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Is Fear Inducing You To Spend When You Know You Shouldn’t?

                                                                                                                                                                                                  

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This  is a guest post from Todd at Fearless Men. If you would like to submit a guest post, please contact me. 

Why are people sometimes completely overcome with the urge to spend? Whether it’s on a big ticket item or a being a serial spender? Most people understand the concept that they shouldn’t spend out more than they bring in.

If people know this to be true, and know it’s a simple enough rule to abide by, why don’t they seem to easily follow it?

Being induced or compelled to do something is often hard for people to be self-aware about. There are many factors as to why people make decisions that they are aware will hurt themselves. It can be self-deceit, arrogance, greed…Well in all of those cases they are probably foolish enough to think they are above hurting themselves.

What are the reasons that smart people seem to get in a cycle of bad decisions? We all could think of a relentless list of reasons, but let’s zero in on one that I frequently talk and write to men about:

Fear.

Fear is a powerful internal motivator. People will do almost anything for the sake of preserving themselves out of the fear of death, fear of failure, or just plain the fear of looking stupid.

Now why in the world would we allow fear to drive us to SPEND?

1. You’ve made a mistake and you’re trying to make up for it.

Ha, I laugh as I write this. This is almost all-encompassing.

Kobe Bryant, after it was brought to the public eye that he cheated on his wife with a 21-year-old while rehabbing in Colorado, bought a MULTI-MILLION dollar apology ring for his wife. Why? He did something stupid and was fearful of losing her.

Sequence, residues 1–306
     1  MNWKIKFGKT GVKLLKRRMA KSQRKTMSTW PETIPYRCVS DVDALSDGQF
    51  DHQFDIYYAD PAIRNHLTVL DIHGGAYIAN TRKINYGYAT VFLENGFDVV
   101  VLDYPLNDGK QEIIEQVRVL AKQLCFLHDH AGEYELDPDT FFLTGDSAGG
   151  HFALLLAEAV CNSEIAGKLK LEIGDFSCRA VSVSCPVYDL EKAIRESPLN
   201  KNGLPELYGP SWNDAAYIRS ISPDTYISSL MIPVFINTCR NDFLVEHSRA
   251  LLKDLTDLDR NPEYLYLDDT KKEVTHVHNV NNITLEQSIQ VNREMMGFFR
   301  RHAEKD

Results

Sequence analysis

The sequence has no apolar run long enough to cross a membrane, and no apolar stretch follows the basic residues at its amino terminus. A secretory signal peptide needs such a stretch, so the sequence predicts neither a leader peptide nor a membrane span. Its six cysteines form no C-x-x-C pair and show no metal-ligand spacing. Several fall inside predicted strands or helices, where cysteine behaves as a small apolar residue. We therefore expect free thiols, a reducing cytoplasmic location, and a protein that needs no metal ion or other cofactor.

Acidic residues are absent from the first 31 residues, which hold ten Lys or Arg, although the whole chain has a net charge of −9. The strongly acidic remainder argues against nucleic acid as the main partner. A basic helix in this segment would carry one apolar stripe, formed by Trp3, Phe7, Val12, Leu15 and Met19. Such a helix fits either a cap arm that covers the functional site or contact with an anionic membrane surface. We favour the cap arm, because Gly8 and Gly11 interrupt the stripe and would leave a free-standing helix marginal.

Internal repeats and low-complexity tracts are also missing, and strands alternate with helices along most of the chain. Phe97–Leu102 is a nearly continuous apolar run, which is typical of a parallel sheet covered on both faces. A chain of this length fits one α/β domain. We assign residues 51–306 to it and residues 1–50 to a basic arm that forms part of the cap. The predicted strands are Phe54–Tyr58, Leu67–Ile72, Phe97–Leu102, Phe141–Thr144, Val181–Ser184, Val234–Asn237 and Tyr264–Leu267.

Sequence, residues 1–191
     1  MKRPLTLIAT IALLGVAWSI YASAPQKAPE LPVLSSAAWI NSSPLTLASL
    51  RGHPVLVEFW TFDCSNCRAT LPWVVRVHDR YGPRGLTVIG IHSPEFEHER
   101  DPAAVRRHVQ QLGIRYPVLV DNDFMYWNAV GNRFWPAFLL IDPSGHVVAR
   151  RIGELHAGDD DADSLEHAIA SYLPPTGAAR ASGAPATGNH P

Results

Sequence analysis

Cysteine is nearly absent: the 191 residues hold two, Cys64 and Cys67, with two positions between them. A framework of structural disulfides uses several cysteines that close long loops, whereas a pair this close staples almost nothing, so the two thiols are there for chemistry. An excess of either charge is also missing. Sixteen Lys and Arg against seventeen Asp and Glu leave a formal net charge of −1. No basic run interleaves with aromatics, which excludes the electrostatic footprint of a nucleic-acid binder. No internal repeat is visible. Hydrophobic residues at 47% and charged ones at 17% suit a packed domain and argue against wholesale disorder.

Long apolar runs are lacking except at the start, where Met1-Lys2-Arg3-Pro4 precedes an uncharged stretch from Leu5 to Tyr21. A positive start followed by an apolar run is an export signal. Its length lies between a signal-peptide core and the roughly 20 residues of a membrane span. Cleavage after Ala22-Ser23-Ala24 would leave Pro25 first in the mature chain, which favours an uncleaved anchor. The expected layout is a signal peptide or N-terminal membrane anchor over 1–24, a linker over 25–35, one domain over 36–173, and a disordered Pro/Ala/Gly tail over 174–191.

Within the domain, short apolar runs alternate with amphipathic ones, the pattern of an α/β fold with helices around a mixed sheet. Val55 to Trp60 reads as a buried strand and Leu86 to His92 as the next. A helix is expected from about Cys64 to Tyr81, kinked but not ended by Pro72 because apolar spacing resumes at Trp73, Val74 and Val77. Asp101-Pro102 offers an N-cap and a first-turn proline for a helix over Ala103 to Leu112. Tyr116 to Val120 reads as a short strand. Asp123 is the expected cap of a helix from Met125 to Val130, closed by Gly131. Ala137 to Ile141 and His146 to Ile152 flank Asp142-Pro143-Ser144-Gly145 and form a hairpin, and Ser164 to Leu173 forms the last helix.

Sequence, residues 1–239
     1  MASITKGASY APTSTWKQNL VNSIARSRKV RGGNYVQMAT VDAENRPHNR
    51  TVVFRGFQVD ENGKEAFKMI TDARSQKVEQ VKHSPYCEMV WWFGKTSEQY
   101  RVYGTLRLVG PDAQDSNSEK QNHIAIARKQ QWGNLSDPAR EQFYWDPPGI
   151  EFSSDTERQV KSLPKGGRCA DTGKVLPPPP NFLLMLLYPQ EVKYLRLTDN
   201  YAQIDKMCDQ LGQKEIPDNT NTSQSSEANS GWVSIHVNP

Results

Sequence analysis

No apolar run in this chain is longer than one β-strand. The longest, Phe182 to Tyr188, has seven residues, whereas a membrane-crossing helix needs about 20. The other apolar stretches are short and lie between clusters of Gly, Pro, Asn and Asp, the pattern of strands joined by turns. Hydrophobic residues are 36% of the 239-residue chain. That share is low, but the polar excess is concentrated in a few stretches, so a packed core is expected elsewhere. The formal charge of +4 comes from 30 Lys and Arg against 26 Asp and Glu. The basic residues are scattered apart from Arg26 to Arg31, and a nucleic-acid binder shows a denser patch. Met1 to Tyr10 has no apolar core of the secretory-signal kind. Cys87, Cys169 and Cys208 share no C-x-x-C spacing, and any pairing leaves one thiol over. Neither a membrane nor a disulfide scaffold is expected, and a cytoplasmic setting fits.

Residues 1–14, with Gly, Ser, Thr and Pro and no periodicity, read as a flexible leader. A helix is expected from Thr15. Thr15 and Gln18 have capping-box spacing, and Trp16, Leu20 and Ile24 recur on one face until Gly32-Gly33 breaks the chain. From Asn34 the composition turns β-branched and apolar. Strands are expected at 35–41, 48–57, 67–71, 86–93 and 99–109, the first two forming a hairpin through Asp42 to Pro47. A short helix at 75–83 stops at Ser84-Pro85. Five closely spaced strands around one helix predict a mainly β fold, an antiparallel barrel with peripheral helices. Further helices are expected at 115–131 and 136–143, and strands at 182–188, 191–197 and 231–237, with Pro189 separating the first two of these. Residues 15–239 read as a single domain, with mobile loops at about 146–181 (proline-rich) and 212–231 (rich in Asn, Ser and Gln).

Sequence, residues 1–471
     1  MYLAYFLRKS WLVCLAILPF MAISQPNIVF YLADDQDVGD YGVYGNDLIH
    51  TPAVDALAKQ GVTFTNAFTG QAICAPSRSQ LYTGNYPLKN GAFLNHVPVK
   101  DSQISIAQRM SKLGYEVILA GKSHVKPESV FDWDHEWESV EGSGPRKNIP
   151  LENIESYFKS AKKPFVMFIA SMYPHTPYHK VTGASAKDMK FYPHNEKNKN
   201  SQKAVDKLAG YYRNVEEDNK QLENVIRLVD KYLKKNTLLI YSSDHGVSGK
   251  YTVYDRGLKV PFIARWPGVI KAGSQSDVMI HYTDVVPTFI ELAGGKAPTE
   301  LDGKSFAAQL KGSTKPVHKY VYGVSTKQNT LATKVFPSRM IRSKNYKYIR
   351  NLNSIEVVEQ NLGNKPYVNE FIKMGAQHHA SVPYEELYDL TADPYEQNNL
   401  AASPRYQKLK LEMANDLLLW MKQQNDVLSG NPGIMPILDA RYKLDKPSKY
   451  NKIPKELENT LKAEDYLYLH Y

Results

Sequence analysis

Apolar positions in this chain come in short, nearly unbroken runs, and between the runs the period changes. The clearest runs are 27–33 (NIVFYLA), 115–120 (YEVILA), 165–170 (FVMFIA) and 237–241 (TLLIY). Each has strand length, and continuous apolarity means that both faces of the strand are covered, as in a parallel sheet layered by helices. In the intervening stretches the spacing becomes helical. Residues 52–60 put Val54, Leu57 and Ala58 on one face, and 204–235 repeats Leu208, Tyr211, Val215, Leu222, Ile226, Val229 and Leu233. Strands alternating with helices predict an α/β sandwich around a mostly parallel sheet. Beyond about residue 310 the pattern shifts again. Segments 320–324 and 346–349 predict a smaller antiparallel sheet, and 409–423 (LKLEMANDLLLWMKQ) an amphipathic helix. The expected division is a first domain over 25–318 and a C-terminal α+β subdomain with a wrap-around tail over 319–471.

Sometimes people spend extraordinary amounts of money to cover up their mistakes. Maybe it’s a rich person throwing around hush money, or even a broke bloke blowing cash on covering up his small web of lies.

Yet another tragedy is when a person playing the investment game makes a bad, costly call. They might feel compelled to double-down on their investment in the hopes of making a double-or-nothing play that brings back the money they burned.

2. You can’t stomach looking at the bills, so you keep spending more than you should.

A person overcome with fear about money has a debilitating emotional correlation with the debt they’re in. It can be paralyzing. Therefore they just try to ignore the painful online credit card or loan statements because it’s just too plain difficult to look at.

And with that, they are ignorant of the debt they continue to rack up. It’s not uncommon for a person to continue to blow money in this insecure state, with the hopes of getting some immediate gratification that will cover up that bad feeling in their stomach.

Who hasn’t eaten a piece of delicious cake when they felt down about something? Or the guy that blows some money on drinks to make his sorrows go away?

The fear of facing and having to wrestle through this problem is paralyzing for people, and they continue to spend away.

3. People are afraid of something new.

Isn’t it bizarre that people are afraid of learning new information? As in, people know there are people out there more financially savvy than them, yet they’re afraid to grow in their knowledge?

This fear can grip anyone who’s made some mistakes and now fears further failure.

What can a man or woman do who’s stuck in this mess?

1. Identify the fear.

What is it exactly that you’re afraid of? Is it failure? Is it looking stupid? Is it that you’ve lost sight of how bad things might be and can’t stomach the reality?

2. Evaluate if it’s real.

Is what you fear a real risk? Is it tangible and external to you, or is it internal?

For example, ballooning debt is real, and it’s something to be afraid of getting yourself further stuck in. But that actual feeling of insecurity about that, it IS something you’re experiencing, but it’s not real outside of your mind.